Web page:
Columnist Mike Preston gives his position grades for the Ravens' game against the Packers. (Kevin Richardson/Baltimore Sun video)
The Ravens mantra for the rest of the season should be a simple one: "Let's beat up on the woeful teams."
Of the team's six remaining games, four opponents fit into the "woeful" classification. So do the Green Bay Packers, whom the Ravens shut out, 23-0, before an announced 77,945 at Lambeau Field.
There was nothing historic or iconic about Sunday's game. The Ravens played great defense and were poor on offense and Green Bay was absolutely woeful in nearly ever aspect. That made for one awful game.
But the Ravens (5-5) aren't concerned about that. They just need to build consistency and stack some wins. The magic number for wins for a team to get into the playoffs used to be 10, but mediocrity throughout the league has dropped it to nine.
So if the Ravens win four of their next six they are at least in the discussion.
"It's doesn't mean [expletive]," Ravens linebacker Terrell Suggs said of the shutout, "if we don't make the playoffs. It's good but if we don't get in, y'all aren't even going to remember them. It's a good thing to build on but we've got to keep going. We've got to keep getting these wins."
The Ravens have a favorable schedule. It's not as if they are a good team but they still get to play some really bad ones. They get Houston next Monday night and still have Cleveland on the road and Indianapolis and Cincinnati at home.
What do those four teams have in common? They are woefully bad.
The Texans beat Arizona, 31-21, Sunday but Houston's secondary has gotten lit up for four straight weeks. In addition, the team has been hit hard by injuries and has Tom Savage at quarterback. Combine that with playing on the road in a nationally televised game and that equals three turnovers and a Ravens victory.
Indianapolis and Cleveland have no shot at the playoffs and Cincinnati's players will have the U-Haul trucks parked outside M&T Bank Stadium ready to go home when they come to Baltimore on New Year's Eve.
There is no guarantee the Ravens will win those games. They should have beaten Chicago with Mitchell Trubisky as the starting quarterback and Minnesota with Case Keenum earlier in the season, but they lost those games.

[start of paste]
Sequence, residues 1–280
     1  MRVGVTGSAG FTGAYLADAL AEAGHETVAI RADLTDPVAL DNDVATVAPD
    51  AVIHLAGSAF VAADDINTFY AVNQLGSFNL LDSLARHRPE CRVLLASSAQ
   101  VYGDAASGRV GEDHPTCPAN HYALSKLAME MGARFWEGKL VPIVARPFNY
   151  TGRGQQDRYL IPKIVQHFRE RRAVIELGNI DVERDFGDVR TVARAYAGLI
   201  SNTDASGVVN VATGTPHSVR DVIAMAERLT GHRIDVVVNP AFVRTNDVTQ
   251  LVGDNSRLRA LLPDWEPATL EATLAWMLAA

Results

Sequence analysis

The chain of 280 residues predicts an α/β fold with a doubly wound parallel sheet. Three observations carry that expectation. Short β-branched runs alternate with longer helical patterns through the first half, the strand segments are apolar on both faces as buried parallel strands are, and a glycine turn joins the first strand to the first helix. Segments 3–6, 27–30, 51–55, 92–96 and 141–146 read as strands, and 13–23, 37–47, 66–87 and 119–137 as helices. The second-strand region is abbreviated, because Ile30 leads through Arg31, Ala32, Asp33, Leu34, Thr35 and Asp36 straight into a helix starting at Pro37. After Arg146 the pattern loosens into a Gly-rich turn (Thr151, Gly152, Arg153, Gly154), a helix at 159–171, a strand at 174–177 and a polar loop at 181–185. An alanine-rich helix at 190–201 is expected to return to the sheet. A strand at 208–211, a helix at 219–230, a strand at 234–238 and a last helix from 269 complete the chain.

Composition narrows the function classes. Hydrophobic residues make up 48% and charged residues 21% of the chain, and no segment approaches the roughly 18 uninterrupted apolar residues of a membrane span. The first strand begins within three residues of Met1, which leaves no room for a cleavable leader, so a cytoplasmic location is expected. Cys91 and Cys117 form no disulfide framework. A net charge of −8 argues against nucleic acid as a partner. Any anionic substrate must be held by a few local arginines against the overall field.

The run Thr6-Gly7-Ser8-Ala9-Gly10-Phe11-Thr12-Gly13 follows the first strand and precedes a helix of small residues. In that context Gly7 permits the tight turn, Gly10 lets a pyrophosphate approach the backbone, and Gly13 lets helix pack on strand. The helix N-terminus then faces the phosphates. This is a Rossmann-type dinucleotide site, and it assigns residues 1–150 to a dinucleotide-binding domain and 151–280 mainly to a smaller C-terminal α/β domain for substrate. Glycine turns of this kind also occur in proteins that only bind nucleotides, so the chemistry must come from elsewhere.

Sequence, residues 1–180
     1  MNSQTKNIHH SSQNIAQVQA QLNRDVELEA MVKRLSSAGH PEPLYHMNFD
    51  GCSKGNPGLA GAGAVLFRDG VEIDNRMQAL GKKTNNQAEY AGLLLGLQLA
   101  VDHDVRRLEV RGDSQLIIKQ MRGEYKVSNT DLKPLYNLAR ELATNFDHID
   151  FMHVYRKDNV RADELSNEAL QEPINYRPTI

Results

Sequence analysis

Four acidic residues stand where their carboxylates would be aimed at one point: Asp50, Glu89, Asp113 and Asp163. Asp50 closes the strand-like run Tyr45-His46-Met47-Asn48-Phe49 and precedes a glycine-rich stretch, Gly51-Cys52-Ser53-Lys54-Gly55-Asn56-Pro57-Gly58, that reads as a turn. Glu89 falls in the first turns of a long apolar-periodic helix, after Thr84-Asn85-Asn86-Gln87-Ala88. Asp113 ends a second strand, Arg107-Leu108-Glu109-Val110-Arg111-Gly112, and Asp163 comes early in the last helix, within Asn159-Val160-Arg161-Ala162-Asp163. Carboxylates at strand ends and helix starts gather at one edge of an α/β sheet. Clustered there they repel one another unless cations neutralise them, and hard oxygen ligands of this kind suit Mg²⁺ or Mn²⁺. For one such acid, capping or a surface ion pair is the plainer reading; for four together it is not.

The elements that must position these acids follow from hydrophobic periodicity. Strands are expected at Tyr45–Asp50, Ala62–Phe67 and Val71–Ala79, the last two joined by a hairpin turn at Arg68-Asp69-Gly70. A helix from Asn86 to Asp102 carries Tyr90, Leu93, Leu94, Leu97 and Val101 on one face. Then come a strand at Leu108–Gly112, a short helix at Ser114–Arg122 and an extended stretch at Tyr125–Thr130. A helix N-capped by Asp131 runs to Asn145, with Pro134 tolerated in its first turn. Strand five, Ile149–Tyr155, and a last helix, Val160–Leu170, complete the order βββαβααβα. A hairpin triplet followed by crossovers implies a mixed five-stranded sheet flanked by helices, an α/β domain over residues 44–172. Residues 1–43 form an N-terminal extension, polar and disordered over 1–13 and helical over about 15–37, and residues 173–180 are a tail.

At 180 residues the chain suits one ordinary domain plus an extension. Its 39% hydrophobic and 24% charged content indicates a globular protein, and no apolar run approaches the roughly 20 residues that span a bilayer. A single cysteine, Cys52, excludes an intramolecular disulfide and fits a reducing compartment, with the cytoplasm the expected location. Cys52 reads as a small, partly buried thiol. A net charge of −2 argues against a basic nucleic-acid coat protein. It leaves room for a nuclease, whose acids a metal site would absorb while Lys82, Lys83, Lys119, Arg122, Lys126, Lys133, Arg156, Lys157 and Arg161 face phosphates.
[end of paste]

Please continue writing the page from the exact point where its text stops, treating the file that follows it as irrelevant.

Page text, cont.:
But here is the difference now: The Vikings and Bears ran the ball against the Ravens when they were without injured starting nose guard Brandon Williams.
Williams is back, and that means opposing quarterbacks have to throw the ball to beat the Ravens. Here is another difference: Quarterbacks like Savage and Green Bay's Brett Hundley take incompetence to another low level.
Savage gets some respect. Hundley gets none. He had three interceptions Sunday filling in for Aaron Rodgers and his completions to the Ravens were better than most of Joe Flacco's.
Green Bay was without its two best offensive linemen and top two running backs. Packers halfback Devante Mays fumbled and lost possession on his first NFL carry in the second quarter and fumbled again on his second.
The Packers were ugly, so much in fact, that the crowd started doing the wave. The Ravens deserve credit because of the turnovers and they sacked Hundley, who needed a GPS to find his way around the field, six times. "After the first two picks he didn't want to make mistakes again," Suggs said of Hundley.
Houston's offense can be just as erratic. Cleveland's offense is even worse. The Ravens know this which is why they were all giddy after Sunday's game.
Their defense is good enough to dominate and win against most of the teams left on the schedule with the exception of Pittsburgh and Detroit. The Steelers have quarterback Ben Roethlisberger and the Lions have Matthew Stafford, forcing the Ravens to show more offensive firepower.
How our reporters and editors saw the Ravens’ 23-0 win over the Packers in Green Bay.
By The Baltimore Sun
Nov 19, 2017 | 3:40 PM
But against the other teams left on the schedule they can be more conservative. On defense there were a lot of things to like about the Ravens Sunday. They had a consistent pass rush and some of the young players like linebacker Matthew Judon and defensive linemen Willie Henry and Michael Pierce dominated.
The Ravens got rookie linebackers Tim Williams and Tyus Bowser into the rotation, and the former applied pressure several times.